Grimes spoke on Martina Navratilova, the Czech tennis star that defected to the United States in 1975 at age 18. “Eleven years later she returned to her home country as a U.S. citizen and as the number one player in the world,” Grimes said. “Her performance [at the 1986 Federation Cup in Prague] paved the way to the Velvet Revolution.” During Navratilova’s early career, she faced growing restraints and increased surveillance, as socialist authorities worried that she was becoming too “Americanized.” At the Federation Cup, the Czech news was instructed not to film or photograph Navratilova during the game and the umpire was forbidden to use her name, calling her “the woman from the US.” In defiance, the Czech crowd chanted: “Say her name!” Navratilova went on to win the match. “For 11 years, she was a non-person in the country,” Grimes said. “The Czech crowd changed that.”
Borrero spoke about Russian goalkeeper Lev Yashin, the only soccer player spoken about during the entire conference. Borrero’s research centered around Yashin’s ability to become a transnational star, and how studying Yashin’s popularity might influence our current understanding of sport in the Cold War. Borrero said that Yashin served as “a confident alternative to the Western world order,” thanks to his skill, personality and smile. Yashin, who was known to admit his own weaknesses and nerves before a match “helps to humanize Soviet athletes,” who were often criticized for playing soccer too mechanically, Borrero said. Yashin “crosses the border between east and west or east and south in popularity, but also he seems to cross the border between someone who’s safe for the Soviet government to put forward as a personality and someone who’s generally popular with the Soviet public,” he said.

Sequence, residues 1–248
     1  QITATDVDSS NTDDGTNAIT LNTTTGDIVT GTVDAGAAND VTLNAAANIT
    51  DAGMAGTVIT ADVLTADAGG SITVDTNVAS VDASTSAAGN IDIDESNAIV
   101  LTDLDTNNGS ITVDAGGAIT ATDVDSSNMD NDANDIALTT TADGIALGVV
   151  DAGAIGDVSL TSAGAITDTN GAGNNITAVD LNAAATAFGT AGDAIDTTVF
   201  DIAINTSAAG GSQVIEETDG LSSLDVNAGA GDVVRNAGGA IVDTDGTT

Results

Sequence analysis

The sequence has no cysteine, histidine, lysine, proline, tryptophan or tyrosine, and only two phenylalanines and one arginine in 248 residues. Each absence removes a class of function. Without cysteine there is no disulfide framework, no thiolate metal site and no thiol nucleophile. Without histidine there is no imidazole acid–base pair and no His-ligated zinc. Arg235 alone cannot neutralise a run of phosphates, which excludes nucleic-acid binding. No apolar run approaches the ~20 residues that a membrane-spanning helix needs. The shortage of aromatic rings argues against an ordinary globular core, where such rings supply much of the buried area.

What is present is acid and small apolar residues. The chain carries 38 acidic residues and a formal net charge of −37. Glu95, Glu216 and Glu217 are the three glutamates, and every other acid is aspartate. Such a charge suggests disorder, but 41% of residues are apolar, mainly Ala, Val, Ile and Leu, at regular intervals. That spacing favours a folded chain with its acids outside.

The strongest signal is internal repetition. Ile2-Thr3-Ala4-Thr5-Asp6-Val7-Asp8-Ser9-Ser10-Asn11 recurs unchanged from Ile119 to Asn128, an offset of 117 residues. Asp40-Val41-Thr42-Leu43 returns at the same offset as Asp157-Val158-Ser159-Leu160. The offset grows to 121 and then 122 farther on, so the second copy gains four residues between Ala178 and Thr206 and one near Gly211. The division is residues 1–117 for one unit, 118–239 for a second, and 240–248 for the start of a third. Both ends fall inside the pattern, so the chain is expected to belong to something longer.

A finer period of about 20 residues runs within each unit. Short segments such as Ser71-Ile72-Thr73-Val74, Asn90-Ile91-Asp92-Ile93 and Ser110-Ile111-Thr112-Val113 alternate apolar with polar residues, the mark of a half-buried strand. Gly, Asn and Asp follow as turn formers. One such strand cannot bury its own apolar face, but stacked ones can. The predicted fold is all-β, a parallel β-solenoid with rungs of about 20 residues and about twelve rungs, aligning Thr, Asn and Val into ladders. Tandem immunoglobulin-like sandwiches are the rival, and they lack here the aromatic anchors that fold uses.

In his discussion of Muhammad Ali, Gorn spoke about the American boxer’s controversial character and more broadly, his inability to escape the logic of the Cold War and racism in the United. “I could argue that Muhammad Ali had nothing to do with the Cold War or I could argue that he single-handedly ended the Cold War,” Gorn said. Active in the civil rights movement and a convert to Islam, Ali “embodied many of the decades’ conflicts,” he added. Gorn quoted Ali saying that he was “the heavyweight champion, but there are some neighborhoods I can’t move into,” reflecting the deep-seated tensions of the era.
Next, Timm discussed Katarina Witt, the East German figure skater – “the most beautiful face of socialism” – and her role as an ambassador of socialism during the Cold War. “We don’t really understand Katarina Witt’s story if we believe that capitalism wins because sex sells,” Timm began. Witt “helpfully counteracted the dour image of female Eastern European athletes […] serving her nation as an advertisement for freedom in the GDR,” she said. For example, Timm quoted Witt saying that “her parents could not have afforded to put her through a figure skating program if she lived in capitalist country.” Over time, Witt became an international diplomat and a Sports and Goodwill ambassador to UNICEF. Her spread in Playboy in 1998 demonstrated how the GDR used sexual freedom as a weapon – Witt’s image was both one of Western sexuality and of real living socialism. A true ambassador of socialism, Witt’s demise was concurrent with the fall of communism. “Ostalgie is what killed her,” Timm said.
After the presentations, Deer remarked that the four papers “enabled us to think about different kinds of logics that were at work during the Cold War” and the “transgressive power of writing and thinking about sport [… that] allows us to cut across and draw together different spheres.” Deer mentioned that sport is an incitement to discourse, and asked the presenters to think about how best to capture the narrative of each of their athletes’ stories.
Additional reporting by Ilaria Parogni